Prior camp experiences and stress related to post traumatic stress disorder(PTSD)among refugees at Maheba refugee settlement in Zambia
Masuwa, Kaluso C.
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Traumatic experiences can have devastating impact on the victim, altering their physical, emotional, cognitive and social aspects of life. They can lead to the development of Post-Traumatic Stress Disorder (PTSD), an anxiety disorder common among victims of trauma, such as refugees. Very few studies have been conducted in Zambia in relation to the link between traumatic experiences and PTSD related symptoms. The aim of the study was therefore to find out the experiences of refugees at a camp in North Western Zambia (Maheba Refugee Settlement) prior to camp, and subsequent stress related to PTSD. The study was conducted on a representative sample of 234 participants, who were refugees at Maheba Refugee Settlement in August 2016. Data was collected through two instruments namely: a self-constructed questionnaire to capture demographical data and prior camp traumatic experiences that participants underwent, and a standardized Post Traumatic Symptoms Scale (PTSS) to ascertain the symptoms of Post-Traumatic Stress Disorder (PSTD). Findings indicate that 66% of participants hadexperiencedphysical, emotional, economic and socialtraumatic events prior to camp; also on the PTSS scale 64% of participantshad symptoms of PTSD. Further, there was a strong relationship between prior camp experiences, specifically physical experiences andsymptoms related to PTSD. The study concluded that certain types of experiences suffered by refugees are closely related to PTSD, and a number of factors, especially man made factors, are attributed to this scenario. Implications for theory, research and practice were drawn and recommendationsare made for all stakeholders involved in the affairs of refugees, including the need to take keen interest in mental health as much as they promote physical health of refugees.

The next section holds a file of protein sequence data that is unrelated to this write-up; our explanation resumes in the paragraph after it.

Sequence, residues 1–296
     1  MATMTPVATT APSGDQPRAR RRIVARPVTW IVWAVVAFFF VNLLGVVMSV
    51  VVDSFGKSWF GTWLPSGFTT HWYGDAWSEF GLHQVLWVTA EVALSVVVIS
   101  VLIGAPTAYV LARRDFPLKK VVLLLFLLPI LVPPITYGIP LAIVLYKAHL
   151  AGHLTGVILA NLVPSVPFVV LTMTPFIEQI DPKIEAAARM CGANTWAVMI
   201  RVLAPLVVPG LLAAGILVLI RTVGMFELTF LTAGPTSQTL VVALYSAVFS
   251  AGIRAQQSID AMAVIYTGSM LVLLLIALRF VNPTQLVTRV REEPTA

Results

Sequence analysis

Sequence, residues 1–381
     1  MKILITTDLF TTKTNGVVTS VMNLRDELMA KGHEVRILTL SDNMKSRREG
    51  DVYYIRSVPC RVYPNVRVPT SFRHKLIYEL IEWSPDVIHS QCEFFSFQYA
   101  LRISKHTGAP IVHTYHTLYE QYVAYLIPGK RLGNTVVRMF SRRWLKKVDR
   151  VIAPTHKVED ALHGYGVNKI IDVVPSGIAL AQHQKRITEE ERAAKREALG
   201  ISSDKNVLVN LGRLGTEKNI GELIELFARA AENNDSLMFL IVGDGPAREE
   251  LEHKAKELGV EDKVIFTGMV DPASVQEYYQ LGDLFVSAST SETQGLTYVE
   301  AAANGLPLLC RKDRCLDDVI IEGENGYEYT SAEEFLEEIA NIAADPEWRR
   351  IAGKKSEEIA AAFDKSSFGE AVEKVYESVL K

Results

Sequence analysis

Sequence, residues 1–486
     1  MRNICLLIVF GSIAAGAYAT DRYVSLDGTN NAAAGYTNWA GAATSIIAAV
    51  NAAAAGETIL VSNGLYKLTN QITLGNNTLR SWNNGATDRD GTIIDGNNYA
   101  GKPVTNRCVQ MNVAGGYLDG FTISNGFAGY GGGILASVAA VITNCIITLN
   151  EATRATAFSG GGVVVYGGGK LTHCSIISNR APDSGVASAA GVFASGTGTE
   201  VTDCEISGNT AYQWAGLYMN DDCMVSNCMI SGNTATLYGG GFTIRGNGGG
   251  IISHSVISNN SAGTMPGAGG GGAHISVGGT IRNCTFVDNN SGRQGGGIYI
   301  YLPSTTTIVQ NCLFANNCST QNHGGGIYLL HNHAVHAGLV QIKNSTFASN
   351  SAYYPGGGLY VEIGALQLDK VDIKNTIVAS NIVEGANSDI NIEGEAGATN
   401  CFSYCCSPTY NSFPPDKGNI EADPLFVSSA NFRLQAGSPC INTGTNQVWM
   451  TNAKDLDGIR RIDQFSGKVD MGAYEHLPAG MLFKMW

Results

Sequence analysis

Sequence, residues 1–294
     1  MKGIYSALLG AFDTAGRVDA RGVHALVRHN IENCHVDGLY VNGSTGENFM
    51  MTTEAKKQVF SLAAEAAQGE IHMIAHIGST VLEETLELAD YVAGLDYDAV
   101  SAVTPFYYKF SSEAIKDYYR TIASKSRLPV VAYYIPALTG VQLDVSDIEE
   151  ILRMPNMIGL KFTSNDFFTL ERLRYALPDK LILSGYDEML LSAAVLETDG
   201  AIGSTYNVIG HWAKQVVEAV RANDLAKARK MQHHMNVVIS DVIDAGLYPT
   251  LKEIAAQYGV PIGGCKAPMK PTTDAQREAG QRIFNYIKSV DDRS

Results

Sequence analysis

The University of Zambia